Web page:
GAELIC Life hurling columnist John Martin believes that the policy of establishing twinning programmes between Ulster sides and counties down south will continue to fail.
Writing after suggestions of a relationship between Antrim and Tipperary after the Premier county’s successful visit last weekend, Martin said that there needed to be beneficial for both sides in order to succeed.
“For all that, sharing expertise is never a bad thing, but so far the twinning system hasn’t just cracked it. For a twinning programme to have any long-term benefit, it has to offer something to both parties. No matter how well meaning the ‘donor’ county or how positive the agreement between the pairing, like any relationship that’s all one-way, it’s destined for failure. Goodwill only lasts so long,” he said.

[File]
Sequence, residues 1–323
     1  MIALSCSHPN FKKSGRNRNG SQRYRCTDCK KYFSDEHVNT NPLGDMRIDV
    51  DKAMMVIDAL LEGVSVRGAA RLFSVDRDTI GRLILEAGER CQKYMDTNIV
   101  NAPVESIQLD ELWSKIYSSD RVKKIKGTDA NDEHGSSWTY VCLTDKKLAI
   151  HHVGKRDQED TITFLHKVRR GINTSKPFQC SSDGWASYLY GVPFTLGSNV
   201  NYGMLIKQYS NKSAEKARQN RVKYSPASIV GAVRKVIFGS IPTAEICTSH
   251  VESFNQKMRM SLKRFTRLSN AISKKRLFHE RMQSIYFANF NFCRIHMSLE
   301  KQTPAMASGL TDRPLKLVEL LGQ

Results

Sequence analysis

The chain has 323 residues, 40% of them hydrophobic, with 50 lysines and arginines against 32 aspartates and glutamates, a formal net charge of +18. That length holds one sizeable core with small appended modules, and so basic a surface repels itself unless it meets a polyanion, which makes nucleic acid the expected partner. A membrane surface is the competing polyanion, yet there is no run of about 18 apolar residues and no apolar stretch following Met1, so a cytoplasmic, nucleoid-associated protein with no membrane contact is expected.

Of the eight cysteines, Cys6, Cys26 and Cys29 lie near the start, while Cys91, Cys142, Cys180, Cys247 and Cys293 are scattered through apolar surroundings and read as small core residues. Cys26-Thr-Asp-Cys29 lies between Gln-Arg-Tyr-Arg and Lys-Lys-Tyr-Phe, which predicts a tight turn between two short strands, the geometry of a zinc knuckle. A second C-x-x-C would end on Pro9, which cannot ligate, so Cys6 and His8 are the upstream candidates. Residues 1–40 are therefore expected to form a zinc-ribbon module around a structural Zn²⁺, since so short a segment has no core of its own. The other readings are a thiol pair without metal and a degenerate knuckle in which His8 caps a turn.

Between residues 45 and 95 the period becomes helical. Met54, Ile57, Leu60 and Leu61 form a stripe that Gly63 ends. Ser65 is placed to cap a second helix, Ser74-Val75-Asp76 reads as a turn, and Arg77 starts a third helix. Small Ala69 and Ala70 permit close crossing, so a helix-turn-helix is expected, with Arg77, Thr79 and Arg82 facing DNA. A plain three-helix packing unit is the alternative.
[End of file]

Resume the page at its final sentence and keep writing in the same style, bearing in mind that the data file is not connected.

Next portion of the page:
“If I was looking for something from the goodwill generated by last week’s visit by Tipp’, I’d not be looking the Premier county to ‘send up some of their stronger players now and again’, but for 10 or 12 clubs to commit to coming up one every couple of years with a decent underage team, play a couple of games against county development squads and, maybe take a coaching session.”
The full column is in today’s Gaelic Life, in shops now or available online here.